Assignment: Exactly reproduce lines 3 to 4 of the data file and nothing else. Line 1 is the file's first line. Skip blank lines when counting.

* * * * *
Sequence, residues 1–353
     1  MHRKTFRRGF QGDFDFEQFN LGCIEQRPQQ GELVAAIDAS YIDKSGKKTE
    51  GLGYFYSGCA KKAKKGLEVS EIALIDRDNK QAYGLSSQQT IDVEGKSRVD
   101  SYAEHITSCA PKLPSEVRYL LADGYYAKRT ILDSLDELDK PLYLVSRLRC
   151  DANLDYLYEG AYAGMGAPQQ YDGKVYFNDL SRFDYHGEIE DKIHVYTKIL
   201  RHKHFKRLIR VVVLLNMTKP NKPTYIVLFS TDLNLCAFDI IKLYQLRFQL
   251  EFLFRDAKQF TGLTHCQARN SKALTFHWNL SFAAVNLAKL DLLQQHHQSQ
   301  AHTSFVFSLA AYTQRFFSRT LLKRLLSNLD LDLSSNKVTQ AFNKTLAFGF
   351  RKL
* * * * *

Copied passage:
    51  GLGYFYSGCA KKAKKGLEVS EIALIDRDNK QAYGLSSQQT IDVEGKSRVD
   101  SYAEHITSCA PKLPSEVRYL LADGYYAKRT ILDSLDELDK PLYLVSRLRC